Collective consequences for individual actions also happened at times, but this is also an important life lesson. You ARE your brother’s keeper to a very large extent.

Understanding this structure, let’s see what can be applied to our adult classroom called life. These skills are valuable for every person in every interpersonal relationship. But I wish today’s leaders, politicians, and demonstrators would take extra notice. Some of the very real issues we face today are results of a lack of defined frameworks and poor communication. For example:

The Gazan and Palestinian people largely lack the motivation to flourish and succeed. In the last number of decades, they have been encouraged by their tyrannical leaders and Arab nation neighbors to aim low and cry victim. The lower your expectations of someone, the more likely they are to descend.

Demonstrators either shout slogans or ignore attempts at constructive conversation. Dialogue is almost impossible to conduct with demonstrators for the simple reason that most of the masses simply do not know what they are shouting about. They sorely lack basic facts about the Arab/Israeli conflict, ancient and recent history. They resort to violence, and often with impunity, which quickly devolves into anarchy because they are not held accountable for their actions.  In our world of equal rights, the law-abiding citizens are getting a bum deal. Ironically “peace” activists are the ones causing the most conflict.

And where are our responsible leaders? Presidents, Prime Ministers and other political figures never miss an opportunity to point a finger or pass the buck. As a society we have lost faith in our leaders; their credibility is dismal. Often this is well-earned; public figures should be held to a higher standard. However, we must also seek the good in people, and leaders are no exception. An effective leader must earn respect and also give it back to their constituents. A responsible society models this because leaders are often a reflection of them. We should all be working together. Hearing each other out, imagining a day in the other’s shoes.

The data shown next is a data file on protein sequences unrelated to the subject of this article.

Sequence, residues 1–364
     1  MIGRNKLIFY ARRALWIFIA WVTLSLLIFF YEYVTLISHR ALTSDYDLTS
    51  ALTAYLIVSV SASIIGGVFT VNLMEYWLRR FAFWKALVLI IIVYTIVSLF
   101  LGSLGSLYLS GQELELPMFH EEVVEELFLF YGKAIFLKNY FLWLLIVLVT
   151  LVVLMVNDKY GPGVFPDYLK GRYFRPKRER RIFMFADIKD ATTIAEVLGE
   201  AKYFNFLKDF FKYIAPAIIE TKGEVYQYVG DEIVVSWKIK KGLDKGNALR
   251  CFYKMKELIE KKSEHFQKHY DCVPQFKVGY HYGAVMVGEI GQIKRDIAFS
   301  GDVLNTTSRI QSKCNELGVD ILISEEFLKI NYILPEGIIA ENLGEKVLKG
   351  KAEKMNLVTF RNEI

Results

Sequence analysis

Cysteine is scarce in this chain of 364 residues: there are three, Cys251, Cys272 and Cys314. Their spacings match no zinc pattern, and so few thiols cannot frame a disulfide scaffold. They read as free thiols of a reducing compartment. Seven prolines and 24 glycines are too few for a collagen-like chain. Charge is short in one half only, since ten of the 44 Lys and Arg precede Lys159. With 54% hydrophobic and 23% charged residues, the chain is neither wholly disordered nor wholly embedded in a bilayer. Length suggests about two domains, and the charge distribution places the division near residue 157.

We must nurture these skills in order to bring society back to a safe and welcoming place for all:

Clear communication

Calibration of expectations

Mutual responsibility

Mutual respect

Working for the collective good

Using language that builds

Active listening

Meaningful responding

No violence or threats

Personal accountability

Collective responsibility

When leadership fails, we must step up and take the lead. If we model these behaviors, and demand it of our leaders, we can build the world we all deserve to live in, and what a joyous Kindergarten graduation that will be.

About the Author
Leah Jacobson made aliya to Raanana from Seattle with her husband and children in 2011. She is an artist, a Madrichat Kallot and a Jewish Educator. Her passion is integrating Torah learning with personal expression to keep our ancient texts relevant to modern life.